As the Hall County Board of Education heads toward budget season, discussions have already begun on possible cuts to help balance a shrinking budget.
According to Superintendent Will Schofield, the system will have to seriously consider changes in the way it operates now.
“We have to look at creating a more efficient model of schooling, but in the short term there’s not much that’s not on the table,” he said.
Discussions have started on setting priorities for field trips, cutting out-of-state professional travel, slashing fleet vehicle use in half, using furlough days, streamlining athletic and extracurricular travel and possibly not filling vacant positions.
“We’ve got a number of vacancies throughout the system right now and we can, in tough times, choose not to fill all or a percentage of vacancies,” said Schofield. “Of course, that translates into class sizes getting a little larger.”
School officials are anticipating low state and local funding, which make up about 90 percent of their total budget.
Four years ago, the system’s operating budget was about $217 million. This year it is $184 million and could be less next year. But to get through this year, the system relied on reserve funding to help alleviate some costs.
Schofield says that will have to be done this year, but is not the answer long term, and he said he would like to see some money in that reserve fund at the end of the year. If the system drained its reserve fund, which will be around $7 million at the beginning of fiscal year 2012, it could operate close to normal.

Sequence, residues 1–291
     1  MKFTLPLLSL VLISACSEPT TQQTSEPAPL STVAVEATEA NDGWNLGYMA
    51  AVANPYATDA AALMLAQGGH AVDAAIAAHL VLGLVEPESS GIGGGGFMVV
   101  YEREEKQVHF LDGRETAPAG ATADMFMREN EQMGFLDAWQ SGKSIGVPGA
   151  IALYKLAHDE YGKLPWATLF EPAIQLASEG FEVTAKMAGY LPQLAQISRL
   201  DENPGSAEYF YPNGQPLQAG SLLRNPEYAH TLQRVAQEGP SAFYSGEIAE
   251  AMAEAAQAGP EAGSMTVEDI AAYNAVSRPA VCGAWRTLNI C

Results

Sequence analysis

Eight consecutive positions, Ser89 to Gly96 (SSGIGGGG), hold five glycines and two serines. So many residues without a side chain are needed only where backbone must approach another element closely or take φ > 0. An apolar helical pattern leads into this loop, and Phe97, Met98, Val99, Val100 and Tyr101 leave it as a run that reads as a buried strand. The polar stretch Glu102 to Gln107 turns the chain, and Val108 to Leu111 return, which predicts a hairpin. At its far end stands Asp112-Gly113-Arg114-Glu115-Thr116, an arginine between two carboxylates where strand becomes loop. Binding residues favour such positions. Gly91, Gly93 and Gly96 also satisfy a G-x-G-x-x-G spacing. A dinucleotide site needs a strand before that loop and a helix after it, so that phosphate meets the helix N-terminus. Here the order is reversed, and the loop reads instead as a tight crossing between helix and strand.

“We could stick our head in the sand and clip along as business as usual,” said Schofield. “I just don’t think that’s fiscally responsible. I don’t see anything that leads me to believe that we’re moving towards rosy days of financing public education.”
He says the system needs to find ways to counter the shrinking funding, not just weather the storm.
“We certainly are nowhere close to being a deficit-spending district, nor will we be,” said Schofield. “But as we look at the tea leaves, we’re going to have to change the way schools function.”
Options, he said, are leveraging technology to work within the system’s monetary constraints, while moving toward a blended-learning environment, where students can take some classes remotely, among other advantages.
Those options, Schofield said, are “radically different than the schools of the past,” but must be on the table for the near future. But the system’s budget challenges, the superintendent says, do not come from wasteful spending.
He says the system’s audit placed it as the 29th-lowest per-pupil-expenditure district in the state.
“There’s not much waste going on in the Hall County school district,” said Schofield. “We’re doing this pretty darn efficiently and I’d like to believe as a parent that I’m getting an awful lot of value in terms of the opportunities my children have.”
Lee Johnson covers education issues for The Times. Share your thoughts, news tips and questions with him: